The following is meant to serve as an online reference of our development process and is broken down into team member’s individual roles.
I met the team on Monday, and after setting up the room, we discussed preferred roles and what we each wanted to get out of the project. Fortunately, we have a well balanced team with no overlap in intended roles. The team breakdown is as follows:
Producer: Jehan Sandhu (me!)
Programmer: Guanghao Yang
3D Artist: Kangyan Li
UI/UX + 2D Art: Meng (Nicole) Wan
Designer + Programmer: Trisha Surve
We casually met our faculty instructors, Mike C. and John D, and with their input, soon began blocking out a rough schedule for our core hours. We also began to prepare for our first face-to-face client meeting on Friday by researching organizations and experiences that dealt with bot building, systems learning, and noteworthy games and mechanics.
Following the advice of Mike, we met John Balash earlier on in the week to learn more about our client (they have a professional rapport), how to best prepare for our Friday meeting, and the types of questions to ask of the client. Additionally John will be assisting us with getting Middle School children to playtest with.
We requested equipment and platforms midway through the week, four ipads and four android tablets to use ARKit or ARCore accordingly, and decided on the team name of BotLab. I also reached out to the client via e-mail to set the basic agenda for Friday’s meeting. The latter of the week was spent preparing a short presentation and materials for our client meeting.
We met our client, Bill, on Friday (check out the pictures below!). After a brief period of team introductions, we began open discussion about the project. Our client was very warm and open minded, explaining what the organization wanted while also noting he wanted us to leverage our individual skills towards the team. Additionally, we were able to lock down some constraints: what we make has to be portable and easy to demo on accessible hardware.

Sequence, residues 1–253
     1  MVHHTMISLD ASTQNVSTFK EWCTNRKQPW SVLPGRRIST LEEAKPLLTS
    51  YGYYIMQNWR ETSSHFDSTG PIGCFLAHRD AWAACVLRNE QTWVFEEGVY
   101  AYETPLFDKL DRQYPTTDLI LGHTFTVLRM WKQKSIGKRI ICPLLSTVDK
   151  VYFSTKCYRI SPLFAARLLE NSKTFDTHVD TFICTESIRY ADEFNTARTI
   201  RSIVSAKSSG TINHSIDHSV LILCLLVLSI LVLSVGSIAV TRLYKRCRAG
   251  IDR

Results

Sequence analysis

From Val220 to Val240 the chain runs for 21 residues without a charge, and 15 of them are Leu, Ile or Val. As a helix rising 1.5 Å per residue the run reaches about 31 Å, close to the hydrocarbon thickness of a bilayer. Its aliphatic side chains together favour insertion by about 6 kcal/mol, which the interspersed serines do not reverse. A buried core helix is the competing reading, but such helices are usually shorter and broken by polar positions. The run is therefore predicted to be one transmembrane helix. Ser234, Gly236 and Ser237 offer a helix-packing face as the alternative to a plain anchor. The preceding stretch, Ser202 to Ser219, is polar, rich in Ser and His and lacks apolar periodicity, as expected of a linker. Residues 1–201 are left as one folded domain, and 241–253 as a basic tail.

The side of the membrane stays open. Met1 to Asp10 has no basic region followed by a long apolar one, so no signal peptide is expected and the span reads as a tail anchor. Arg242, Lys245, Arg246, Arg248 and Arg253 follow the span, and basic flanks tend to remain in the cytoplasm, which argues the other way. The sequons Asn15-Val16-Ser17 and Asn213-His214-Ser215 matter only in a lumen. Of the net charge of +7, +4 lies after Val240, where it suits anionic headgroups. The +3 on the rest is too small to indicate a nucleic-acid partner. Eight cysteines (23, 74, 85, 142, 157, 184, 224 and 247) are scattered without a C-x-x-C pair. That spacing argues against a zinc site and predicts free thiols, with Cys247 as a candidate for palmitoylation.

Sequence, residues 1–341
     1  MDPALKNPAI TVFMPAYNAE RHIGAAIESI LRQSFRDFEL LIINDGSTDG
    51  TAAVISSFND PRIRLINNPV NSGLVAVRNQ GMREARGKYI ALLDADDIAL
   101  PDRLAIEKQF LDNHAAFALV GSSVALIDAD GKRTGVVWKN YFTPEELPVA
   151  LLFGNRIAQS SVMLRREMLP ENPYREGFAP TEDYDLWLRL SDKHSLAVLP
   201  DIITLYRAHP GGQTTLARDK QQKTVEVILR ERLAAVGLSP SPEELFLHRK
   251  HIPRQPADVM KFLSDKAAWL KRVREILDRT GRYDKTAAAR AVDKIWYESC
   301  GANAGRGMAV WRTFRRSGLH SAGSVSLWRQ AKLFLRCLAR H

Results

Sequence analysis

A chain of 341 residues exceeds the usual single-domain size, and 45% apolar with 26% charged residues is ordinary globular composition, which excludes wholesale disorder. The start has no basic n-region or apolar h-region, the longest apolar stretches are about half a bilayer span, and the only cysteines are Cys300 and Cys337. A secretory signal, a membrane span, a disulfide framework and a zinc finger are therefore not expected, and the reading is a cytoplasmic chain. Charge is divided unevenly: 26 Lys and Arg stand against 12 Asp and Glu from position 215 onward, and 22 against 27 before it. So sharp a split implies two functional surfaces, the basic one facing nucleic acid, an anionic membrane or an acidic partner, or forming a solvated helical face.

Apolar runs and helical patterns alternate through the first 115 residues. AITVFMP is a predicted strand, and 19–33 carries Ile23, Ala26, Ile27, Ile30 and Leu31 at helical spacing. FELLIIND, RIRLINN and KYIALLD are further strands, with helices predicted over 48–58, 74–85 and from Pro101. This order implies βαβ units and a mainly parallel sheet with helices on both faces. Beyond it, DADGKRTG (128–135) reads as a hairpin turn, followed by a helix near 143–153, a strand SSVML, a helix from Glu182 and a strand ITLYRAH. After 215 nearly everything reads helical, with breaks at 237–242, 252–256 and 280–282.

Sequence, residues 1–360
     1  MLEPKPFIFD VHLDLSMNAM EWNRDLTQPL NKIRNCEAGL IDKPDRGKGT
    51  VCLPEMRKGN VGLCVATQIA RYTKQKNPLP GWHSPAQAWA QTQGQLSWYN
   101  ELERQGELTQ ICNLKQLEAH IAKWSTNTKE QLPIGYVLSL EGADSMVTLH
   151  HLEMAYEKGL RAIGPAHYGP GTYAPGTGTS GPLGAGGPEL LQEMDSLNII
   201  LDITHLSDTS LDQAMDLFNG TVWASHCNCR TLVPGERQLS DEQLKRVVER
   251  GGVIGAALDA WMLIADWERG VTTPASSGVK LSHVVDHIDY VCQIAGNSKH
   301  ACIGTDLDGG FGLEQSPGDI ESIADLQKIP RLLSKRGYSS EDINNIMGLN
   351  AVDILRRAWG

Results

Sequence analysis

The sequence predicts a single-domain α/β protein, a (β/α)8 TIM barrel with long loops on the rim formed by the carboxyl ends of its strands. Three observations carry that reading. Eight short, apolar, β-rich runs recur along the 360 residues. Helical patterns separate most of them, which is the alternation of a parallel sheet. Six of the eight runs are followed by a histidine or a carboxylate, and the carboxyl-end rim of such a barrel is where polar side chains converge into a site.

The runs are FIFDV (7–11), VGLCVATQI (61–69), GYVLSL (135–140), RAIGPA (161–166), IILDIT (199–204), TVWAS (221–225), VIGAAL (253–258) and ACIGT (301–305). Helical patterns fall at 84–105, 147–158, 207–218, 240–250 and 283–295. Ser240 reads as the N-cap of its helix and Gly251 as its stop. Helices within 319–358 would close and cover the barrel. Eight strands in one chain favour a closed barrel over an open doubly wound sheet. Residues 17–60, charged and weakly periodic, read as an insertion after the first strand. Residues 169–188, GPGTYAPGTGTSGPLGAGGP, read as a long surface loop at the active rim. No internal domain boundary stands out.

Next week we will meet Tuesday to fill out a RACI chart and we will begin daily SCRUM meetings. We’re all very excited to be working with the National Robotics League.
We did a research on what kind of technology we might use. For now, we think AR could be a good fit to our project.
The most popular AR platforms are ARkit and ARCore.
For ARKit, it’s the technology introduced during WWDC 17. its key highlights include
1.Tracking: Ability to accurately track the device position in the real-world. Using the Visual Inertial Odometer (VIO), the ARKit combines with camera tracking and motion sensor data, with which a real-time position of the device is recorded. Additionally, no tracking cards are required
2.Landscape Understanding and Lightning Perception: iPhones and iPads would be especially aware of the surroundings using the ARKit. It comes with the ability to identify surfaces in the real-world environment, like floor, tables, walls, ceiling, etc. Also referred to as ‘Plane Detection’. Remember observing the vapour and shadow effect in the demo?
3.Rendering: It provides an easy integration with SpriteKit, SceneKit as Metal, with an added support for in Unity and Unreal Engine
It’s available on iOS 11 only
Another choice is ARCore, it’s Google’s answer to Apple’s ARKit was ARCore – the AR framework for Android devices. Compare to ARKit, it emphasis on following: